My work schedule is Monday, Tuesday, Thursday, Friday, so I have a mini-weekend in the middle of the week. Wednesdays are often booked up in advance with meetings to do with the business of my latest theater project, my Lizzie Borden musical which is entering a new production phase, and doctor’s appointments -- until recently I hadn’t had health insurance for many years, so I’ve been making up for lost time with eye surgery, treatment of various skin problems, dentist visits, etc.
But some Wednesdays are all mine, and I relish the glimpses of a life that is productive, fulfilling, and whole. Last week I spent the whole day writing my last blog post. I’d had all these changing and unfolding thoughts about marriage which I hadn’t had time to organize and write down and post until last Wednesday and it all came flowing out. When that happens -- or on an even bigger scale, like when I spent 2 weeks at MacDowell Colony last fall writing pages and pages of the stories I’d been storing in my head for years -- it’s both gratifying (to finally have it down on paper and see that I am still capable of producing good work) and disheartening (to see so starkly how prolific I would be if I could devote every day to this work instead of a day job).
But then maybe if I was sitting here every day writing at a more measured pace, I would miss the pleasure that comes with finally letting it all out like a good piss after you’ve been holding it in the car for too long.
I have a chicken simmering on the stove which this afternoon will become, among other things, tortilla soup. I just spent an hour composing a draft of our New York Times wedding announcement. I am going to devote a couple hours to the theater piece I began at MacDowell, and either before or after that I plan to search for poetry that we might use in our wedding ceremony and do a little research on Istanbul because we’ll be there for a day and a half before our honeymoon cruise departs.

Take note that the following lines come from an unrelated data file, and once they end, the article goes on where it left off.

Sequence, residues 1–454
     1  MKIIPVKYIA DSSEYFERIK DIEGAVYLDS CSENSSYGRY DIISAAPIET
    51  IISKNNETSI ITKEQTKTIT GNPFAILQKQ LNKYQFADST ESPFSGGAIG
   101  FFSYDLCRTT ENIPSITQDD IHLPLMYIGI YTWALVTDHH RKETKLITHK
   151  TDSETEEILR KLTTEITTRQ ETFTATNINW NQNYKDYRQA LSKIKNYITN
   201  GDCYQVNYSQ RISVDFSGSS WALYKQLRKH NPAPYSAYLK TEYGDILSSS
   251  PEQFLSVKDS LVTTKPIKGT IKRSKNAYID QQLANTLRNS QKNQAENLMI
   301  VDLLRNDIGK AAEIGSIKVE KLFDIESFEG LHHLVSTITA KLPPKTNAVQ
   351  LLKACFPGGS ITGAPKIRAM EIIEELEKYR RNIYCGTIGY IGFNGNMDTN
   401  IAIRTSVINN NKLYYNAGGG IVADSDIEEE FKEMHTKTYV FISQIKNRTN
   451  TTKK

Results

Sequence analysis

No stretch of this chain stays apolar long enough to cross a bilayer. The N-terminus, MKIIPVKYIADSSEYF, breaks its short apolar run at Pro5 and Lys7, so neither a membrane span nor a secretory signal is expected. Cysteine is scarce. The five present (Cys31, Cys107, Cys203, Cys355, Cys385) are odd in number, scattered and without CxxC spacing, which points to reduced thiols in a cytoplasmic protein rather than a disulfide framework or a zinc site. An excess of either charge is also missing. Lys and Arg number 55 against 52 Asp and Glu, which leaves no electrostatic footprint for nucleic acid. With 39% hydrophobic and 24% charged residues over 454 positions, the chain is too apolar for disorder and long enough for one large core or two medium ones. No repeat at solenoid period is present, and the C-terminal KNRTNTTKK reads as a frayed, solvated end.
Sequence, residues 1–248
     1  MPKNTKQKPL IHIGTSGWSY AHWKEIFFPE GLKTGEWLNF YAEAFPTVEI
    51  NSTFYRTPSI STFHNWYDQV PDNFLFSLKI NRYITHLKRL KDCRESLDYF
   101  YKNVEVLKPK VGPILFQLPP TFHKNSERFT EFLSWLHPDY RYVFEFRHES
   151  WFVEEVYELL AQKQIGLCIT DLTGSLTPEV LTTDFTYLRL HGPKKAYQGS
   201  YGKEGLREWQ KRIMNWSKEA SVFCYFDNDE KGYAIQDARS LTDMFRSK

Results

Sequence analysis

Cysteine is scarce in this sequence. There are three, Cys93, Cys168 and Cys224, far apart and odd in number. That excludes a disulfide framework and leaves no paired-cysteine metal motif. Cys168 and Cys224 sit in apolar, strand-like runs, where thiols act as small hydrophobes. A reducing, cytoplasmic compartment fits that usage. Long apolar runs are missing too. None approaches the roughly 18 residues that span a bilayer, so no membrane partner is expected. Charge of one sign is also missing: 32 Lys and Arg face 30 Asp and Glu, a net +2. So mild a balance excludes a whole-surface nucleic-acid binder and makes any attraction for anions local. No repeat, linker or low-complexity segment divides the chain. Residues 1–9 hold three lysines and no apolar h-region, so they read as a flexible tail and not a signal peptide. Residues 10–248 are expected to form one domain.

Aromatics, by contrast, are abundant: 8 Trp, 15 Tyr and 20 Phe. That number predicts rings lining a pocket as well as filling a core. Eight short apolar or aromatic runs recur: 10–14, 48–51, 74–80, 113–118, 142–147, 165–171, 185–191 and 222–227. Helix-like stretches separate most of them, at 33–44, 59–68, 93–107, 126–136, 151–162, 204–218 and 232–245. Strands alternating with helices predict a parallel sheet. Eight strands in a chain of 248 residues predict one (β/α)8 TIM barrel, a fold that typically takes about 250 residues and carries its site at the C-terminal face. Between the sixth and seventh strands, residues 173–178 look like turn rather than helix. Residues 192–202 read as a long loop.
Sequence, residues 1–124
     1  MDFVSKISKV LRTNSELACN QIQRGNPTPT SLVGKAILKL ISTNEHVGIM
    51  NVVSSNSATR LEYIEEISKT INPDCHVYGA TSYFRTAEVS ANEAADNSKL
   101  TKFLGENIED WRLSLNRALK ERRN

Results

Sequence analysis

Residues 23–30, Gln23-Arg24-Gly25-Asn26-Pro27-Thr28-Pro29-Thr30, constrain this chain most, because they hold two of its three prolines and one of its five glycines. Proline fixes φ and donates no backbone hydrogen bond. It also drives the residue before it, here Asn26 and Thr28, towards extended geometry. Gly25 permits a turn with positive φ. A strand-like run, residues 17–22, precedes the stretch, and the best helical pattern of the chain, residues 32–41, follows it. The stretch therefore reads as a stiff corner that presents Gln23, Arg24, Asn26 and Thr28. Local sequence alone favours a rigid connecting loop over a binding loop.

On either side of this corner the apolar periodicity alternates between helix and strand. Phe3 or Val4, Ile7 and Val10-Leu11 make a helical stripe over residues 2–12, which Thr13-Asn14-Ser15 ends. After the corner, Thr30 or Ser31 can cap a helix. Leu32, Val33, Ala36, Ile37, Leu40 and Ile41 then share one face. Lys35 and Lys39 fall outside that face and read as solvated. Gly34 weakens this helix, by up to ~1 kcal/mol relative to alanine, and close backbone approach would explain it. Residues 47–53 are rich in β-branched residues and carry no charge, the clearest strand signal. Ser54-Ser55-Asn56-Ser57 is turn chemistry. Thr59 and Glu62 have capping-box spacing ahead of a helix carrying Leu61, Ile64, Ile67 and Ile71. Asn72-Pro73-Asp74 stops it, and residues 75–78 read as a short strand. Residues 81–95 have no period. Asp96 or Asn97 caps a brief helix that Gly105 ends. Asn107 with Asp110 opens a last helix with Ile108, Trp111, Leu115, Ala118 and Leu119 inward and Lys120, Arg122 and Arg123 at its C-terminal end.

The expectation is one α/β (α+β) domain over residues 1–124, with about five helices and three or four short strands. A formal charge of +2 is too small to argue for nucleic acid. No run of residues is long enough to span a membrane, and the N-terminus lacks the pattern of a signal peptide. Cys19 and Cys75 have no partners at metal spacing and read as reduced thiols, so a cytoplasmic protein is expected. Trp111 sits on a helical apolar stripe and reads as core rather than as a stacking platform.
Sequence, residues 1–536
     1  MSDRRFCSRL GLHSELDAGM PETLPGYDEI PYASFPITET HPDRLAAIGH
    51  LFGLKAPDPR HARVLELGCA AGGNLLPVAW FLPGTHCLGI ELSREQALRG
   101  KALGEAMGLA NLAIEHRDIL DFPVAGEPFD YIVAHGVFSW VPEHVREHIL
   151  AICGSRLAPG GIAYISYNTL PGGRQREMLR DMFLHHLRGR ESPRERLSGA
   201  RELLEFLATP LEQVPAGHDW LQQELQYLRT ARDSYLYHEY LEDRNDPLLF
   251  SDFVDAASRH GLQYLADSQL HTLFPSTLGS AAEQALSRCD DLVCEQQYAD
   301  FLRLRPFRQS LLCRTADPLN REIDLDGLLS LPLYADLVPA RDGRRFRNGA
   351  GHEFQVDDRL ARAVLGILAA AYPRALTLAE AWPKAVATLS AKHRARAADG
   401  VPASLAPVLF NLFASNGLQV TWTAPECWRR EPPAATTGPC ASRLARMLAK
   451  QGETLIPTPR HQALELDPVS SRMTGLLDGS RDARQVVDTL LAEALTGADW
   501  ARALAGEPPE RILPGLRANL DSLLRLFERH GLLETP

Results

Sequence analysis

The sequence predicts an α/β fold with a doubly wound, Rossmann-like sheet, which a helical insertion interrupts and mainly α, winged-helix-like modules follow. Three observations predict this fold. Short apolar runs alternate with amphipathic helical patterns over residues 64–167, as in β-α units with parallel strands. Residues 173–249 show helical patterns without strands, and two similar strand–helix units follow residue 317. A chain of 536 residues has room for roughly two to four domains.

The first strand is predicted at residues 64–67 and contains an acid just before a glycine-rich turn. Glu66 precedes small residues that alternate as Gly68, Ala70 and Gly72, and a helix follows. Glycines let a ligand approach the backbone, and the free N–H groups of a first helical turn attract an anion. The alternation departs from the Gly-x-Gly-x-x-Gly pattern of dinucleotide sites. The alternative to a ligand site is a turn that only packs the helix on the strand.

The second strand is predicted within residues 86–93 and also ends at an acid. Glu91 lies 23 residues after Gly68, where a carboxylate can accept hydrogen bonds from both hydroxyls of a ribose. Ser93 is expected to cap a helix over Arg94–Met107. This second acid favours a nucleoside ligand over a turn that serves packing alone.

We mailed our invitations Monday, so I guess many of them will have arrived by now. They contain information about our “wedding web site,” which has travel and lodging information for guests and a link to our gift registry. It has taken me a while to get used to the idea of a gift registry. My family and friends have been so generous throughout my starving artist life, lending me a hand when I’ve needed it over the years. To ask them now to buy me stuff just because I’m getting married makes me uncomfortable. But the first question many of them have asked when I’ve announced our marriage is “Where are you registered?” so maybe I have to accept the fact that this is the protocol. This is the world I live in now.
Last week our cake topper arrived by FedEx. We bought it on ebay. We didn’t like many that we found online. Some were just too silly (like one with one of the grooms climbing up the side of the cake) or mix and match grooms standing side by side but not relating to each other in any way. Lots of them looked like children, and a surprising number were made from Fisher Price “little people” painted to look like grooms. Dressing up dolls and children to look like adults creeps me out. We finally found one that looked like two fairly generic men, one with his arms around the other, in simple tuxes.
We were surprised when we opened the box to see just how gay they were. Like super-gay, Platonic ideal of gay-gay. The picture online didn’t show their pursed-mouth, pink lipstick and rouge faces and fey expressions. They look like stoned lesbians. I bought some acrylic paints on my way home from work yesterday so I can tone down their makeup and paint their jackets dark green and their ties pale yellow, like the ones we’ll be wearing. Don’t hate – I love fey boys and lipstick lesbians. I just want the cake topper to look sort of like us.
I didn’t want a cake topper at all, at first. I thought it was gauche or too kitschy or something, but I changed my mind. I also didn’t want dancing at the reception. I was horrified by the possibility of the chicken dance at my wedding. But my friend T reminded me that, regardless of the fact that I don’t like dancing, people want to dance at a wedding reception. They want to cut loose and drink a little too much and have fun. Of course. Why would you not want two grooms on top of your wedding cake and dancing at your reception? I swear sometimes I don’t know what I’m thinking. (The band we hired plays 1920s and 30s jazz. There will be no chicken dance.)